Alexis Okeowo

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Alexis Okeowo’s pen is always working. Avid readers of The New Yorker will recognize the staff writer’s frequent bylines—her pieces range from election season in Alabama (her home state) and media’s lack of empathy towards Somalia’s bombings, to Mona Scott-Young’s reality TV empire and the cultural impact of Issa Rae’s Insecure. She has also written for Vogue, Time, the New York Times Magazine, Bloomberg Businessweek and the Financial Times.

The now Brooklyn resident was raised in Montgomery by two Nigerian immigrants, and this upbringing instilled in her a deep ambition and sense of discipline to achieve all that she sets out to accomplish. After graduating from Princeton in 2006 with a degree in Comparative Politics and Political Theory, she spent a fellowship in Uganda writing for a local newspaper before eventually going on to do reporting in East Africa, Mexico and Lagos, Nigeria. Okeowo, 33, has spent the last 10 years of her journalism career telling the stories of people who, she says, would otherwise go unnoticed, and exposing abuses of power to help protect vulnerable communities. The depth and breadth of her roots within the diaspora are integral to the work she produces both online and in print.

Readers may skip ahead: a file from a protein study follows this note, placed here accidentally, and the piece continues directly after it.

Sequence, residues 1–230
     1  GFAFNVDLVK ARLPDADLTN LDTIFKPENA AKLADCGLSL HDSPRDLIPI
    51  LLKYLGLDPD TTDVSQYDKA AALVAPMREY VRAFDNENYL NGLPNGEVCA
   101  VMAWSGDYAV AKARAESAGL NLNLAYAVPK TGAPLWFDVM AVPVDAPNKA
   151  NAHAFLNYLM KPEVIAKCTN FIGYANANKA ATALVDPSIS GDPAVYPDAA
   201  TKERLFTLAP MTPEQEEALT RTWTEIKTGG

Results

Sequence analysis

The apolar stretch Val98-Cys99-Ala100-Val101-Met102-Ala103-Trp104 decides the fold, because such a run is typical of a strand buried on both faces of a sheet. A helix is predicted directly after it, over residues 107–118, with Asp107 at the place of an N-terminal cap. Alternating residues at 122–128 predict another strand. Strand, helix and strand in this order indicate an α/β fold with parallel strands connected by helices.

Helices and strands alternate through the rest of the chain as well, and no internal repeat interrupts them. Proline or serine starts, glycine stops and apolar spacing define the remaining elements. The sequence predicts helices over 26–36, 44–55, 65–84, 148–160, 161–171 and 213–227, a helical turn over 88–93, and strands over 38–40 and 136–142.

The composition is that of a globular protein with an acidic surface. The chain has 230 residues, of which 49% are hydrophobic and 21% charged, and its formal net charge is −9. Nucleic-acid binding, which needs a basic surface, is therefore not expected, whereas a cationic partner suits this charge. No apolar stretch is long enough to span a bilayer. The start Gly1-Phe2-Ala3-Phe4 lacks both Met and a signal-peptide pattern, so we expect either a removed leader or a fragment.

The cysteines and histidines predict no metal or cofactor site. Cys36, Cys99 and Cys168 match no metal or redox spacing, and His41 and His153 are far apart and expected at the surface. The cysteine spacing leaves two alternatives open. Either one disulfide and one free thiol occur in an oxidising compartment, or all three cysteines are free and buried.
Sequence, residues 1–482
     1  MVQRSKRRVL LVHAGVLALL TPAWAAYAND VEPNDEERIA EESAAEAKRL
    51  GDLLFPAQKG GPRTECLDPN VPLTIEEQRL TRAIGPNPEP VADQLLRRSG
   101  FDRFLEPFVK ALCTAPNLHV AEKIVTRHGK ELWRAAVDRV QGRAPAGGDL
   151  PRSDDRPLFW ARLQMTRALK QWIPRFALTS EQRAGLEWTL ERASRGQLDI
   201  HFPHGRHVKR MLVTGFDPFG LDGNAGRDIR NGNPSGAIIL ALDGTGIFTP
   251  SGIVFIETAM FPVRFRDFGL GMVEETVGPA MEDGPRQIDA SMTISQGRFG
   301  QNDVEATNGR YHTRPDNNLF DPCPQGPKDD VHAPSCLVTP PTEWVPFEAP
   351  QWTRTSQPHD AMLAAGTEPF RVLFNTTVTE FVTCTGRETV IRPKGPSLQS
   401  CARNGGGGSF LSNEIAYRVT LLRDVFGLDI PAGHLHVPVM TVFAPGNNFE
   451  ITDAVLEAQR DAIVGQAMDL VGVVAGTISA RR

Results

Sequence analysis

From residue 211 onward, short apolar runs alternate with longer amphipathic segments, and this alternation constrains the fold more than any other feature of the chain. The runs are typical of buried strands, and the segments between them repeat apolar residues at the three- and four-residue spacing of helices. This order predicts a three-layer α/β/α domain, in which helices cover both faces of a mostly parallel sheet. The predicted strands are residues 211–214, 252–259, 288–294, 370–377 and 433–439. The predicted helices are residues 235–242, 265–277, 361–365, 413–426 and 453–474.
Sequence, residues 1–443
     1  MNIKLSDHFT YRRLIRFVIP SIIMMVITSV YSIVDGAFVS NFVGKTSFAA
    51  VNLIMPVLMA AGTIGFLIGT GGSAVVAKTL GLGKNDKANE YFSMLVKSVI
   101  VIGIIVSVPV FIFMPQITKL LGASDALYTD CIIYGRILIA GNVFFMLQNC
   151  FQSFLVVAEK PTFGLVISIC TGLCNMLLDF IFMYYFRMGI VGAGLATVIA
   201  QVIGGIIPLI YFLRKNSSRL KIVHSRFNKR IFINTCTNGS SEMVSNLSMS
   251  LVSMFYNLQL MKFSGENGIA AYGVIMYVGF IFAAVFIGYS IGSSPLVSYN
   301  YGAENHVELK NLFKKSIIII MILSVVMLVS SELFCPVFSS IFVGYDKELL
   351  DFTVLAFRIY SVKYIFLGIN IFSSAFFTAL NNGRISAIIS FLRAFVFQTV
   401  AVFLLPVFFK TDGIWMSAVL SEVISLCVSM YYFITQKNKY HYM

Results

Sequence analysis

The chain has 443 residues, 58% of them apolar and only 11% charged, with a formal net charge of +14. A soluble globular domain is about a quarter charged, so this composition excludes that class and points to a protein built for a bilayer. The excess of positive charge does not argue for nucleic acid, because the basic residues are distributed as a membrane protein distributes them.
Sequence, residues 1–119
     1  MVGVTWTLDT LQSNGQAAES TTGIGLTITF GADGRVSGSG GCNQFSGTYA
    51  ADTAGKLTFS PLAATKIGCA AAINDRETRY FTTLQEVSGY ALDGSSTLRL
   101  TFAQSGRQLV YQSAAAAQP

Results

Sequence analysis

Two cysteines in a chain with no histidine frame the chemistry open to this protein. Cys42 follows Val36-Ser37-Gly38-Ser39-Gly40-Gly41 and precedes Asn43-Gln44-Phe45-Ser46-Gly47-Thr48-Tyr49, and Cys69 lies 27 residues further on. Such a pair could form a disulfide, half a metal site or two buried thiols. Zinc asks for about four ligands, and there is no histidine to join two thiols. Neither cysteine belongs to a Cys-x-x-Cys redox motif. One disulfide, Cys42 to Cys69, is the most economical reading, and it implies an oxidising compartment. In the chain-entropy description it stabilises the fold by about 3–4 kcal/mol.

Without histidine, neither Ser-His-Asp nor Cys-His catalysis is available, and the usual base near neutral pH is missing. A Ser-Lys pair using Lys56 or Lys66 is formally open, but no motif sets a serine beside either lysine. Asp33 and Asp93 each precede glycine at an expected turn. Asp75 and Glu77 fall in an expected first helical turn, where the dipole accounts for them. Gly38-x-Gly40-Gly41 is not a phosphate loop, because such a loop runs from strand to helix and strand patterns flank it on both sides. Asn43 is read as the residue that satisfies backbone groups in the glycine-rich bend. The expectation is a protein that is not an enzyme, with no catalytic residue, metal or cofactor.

Beyond journalism, Okeowo is an accomplished author who published her first book, A Moonless, Starless Sky: Ordinary Women and Men Fighting Extremism in Africa, last year to much acclaim. While she doesn’t harp on the rigid idea of setting long-term goals, her focus going forward will be nestled in various long-term reporting and screenwriting projects. Ask Okeowo what makes a powerful woman and she will tell you this: such a woman is unafraid to go after what she wants, and uses her intelligence and talent to make some kind of meaningful impact, ideally for the good of others. She personifies this very power, and harnesses it to reach back to others as she climbs. “In the end, all African women have is each other,” she says. “So we have to support each other and lift each other up. We're the future, after all.”

LiteratureTeneille Craig